So much to write about. PAX Prime was last weekend. The fall term of my class, Writing Fantasy & Science Fiction, starts on the 20th. New projects abound—a few of which I can even talk about publically! Nirvana Gates by J.M. McDermott is (pun entirely intended, sorry) deepening the lore of the Fathomless Abyss . . .

But this week I have to set all that aside in favor of one particular labor of love: National Buy a Book Day.

This started out as kind of an off-hand suggestion, in one of my columns for John Ottinger’s Grasping for the Wind. Then the next year it began to show a life all its own, mostly via Twitter (please use the hashtags #buyabookday and #september7). This year, well, we’re taking it to the next level.

Logo by Clifton Hill

Over the course of the last year or so I’ve slowly . . . almost painfully slowly . . . put together a charitable organization: the National Buy a Book Day Foundation. It’s still in its infancy, but it is an official not-for-profit corporation in the state of Washington, and it even has its very own web site, though much of that is still “under construction.”

Best of all, it has a board of directors.

I went out and recruited some like-minded individuals to help me get this thing off the ground:

John Ottinger was there from the beginning, fully embraced the idea, and has been a full-throated champion of the cause from the get-go. He’s on the board.

My former boss,  journeyman editor Peter Archer, brings experience editing and writing both fiction and non-fiction. Peter has had his hands in a broad spectrum of the book business. We’re lucky to have him.

I first encountered Jamie Ford at Wordstock in Portland, Oregon and was immediately covetous of the brilliant title Hotel on the Corner of Bitter and Sweet, which I so wish I’d thought of. I read the book and loved it, and was delighted when Jamie agreed to be a part of the National Buy a Book Day Foundation board of directors, tempering a bit of the SF/fantasy weight.

But am I getting ahead of myself? Do you even know what National Buy a Book Day is?

It’s just this simple:

On September 7th of every year (it just so happens to be this coming Friday!) go to any bookstore and buy any book. Full stop.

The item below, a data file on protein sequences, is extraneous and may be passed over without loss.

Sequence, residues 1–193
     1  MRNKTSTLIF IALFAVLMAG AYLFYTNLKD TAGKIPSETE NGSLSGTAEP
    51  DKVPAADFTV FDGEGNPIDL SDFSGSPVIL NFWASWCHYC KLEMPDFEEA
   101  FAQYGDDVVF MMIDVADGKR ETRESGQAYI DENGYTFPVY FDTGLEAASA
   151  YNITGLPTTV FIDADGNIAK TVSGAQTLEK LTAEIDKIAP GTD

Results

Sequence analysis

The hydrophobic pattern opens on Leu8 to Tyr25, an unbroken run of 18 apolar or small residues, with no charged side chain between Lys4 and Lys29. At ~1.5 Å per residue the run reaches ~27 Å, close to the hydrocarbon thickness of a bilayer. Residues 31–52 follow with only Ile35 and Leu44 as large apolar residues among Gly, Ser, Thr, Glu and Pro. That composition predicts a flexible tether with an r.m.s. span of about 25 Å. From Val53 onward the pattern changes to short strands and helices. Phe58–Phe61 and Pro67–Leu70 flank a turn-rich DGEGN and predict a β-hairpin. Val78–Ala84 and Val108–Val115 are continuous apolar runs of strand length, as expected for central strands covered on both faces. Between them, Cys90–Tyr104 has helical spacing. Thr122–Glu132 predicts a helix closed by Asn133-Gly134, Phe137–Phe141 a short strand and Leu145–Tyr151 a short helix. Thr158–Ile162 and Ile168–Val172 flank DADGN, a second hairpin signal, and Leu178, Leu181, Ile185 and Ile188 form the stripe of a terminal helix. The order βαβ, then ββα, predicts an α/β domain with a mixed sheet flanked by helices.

A little more detail? Okay.

Any bookstore does include e-retailers like Amazon.

Any book does include e-books.

Any book means any category, fiction or non-fiction, in any genre, by any author.

Any bookstore includes used bookstores, and any book includes used books.

Yes, you can buy a book from your local library, if they (like mine) also sell books.

The idea is: you have a little money at the beginning of the day on Friday, and by the end of the day you have a little less money, plus one book.

Note that I have not, nor will I, assign some minimum dollar value. Found a great book you really want for fifty cents? That counts.

Got your eye on that super-premium coffee table book for $200? That counts, too.

And anything in between is perfectly fine.

Of course, if you really want to realize the biggest “bang for you buck” and support the broadest spectrum of the book business, you should go to a brick-and-mortar bookstore (they need the help the most, believe me) and buy a new book by a living author at full price. This means everyone in the book business benefits the most: the retailers (and people who work there—who are not millionaires by any stretch of the imagination) get the most money from that one book that they can (which still isn’t much), the publisher (who is not the limitless source of massive profits you may think it is) realizes the full fruits of their labors (as do all the people who work to get that book printed, bound, boxed up, and sent to that store, also none of whom are millionaires), and the living author gets his or her full royalty (which in most cases is less than either the bookseller or the publisher is making, believe it or not).

Why am I doing this?

Because I love books, and I love and admire and respect the people who write them, publish them, sell them, and read them. Wherever you may be on that list—and like me, you may inhabit more than one of those zones—this is your day.



—Philip Athans



About Philip Athans

Philip Athans is the New York Times best-selling author of Annihilation and a dozen other books including The Guide to Writing Fantasy and Science Fiction, and Writing Monsters. His blog, Fantasy Author’s Handbook, ( is updated every Tuesday, and you can follow him on Twitter @PhilAthans.
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1 Response to BUY A BOOK ON FRIDAY

  1. Thanks for including used books! 🙂 In our exurban area, we are basically the only alternative to Barnes and Noble, and we only sell used books. We are trying to promote the love of reading, whether its new or used, e-books or analog, non-fiction or fiction. But sometimes it feels like an uphill battle! 🙂 Great work, and we’ll look forward to celebrating again next year!

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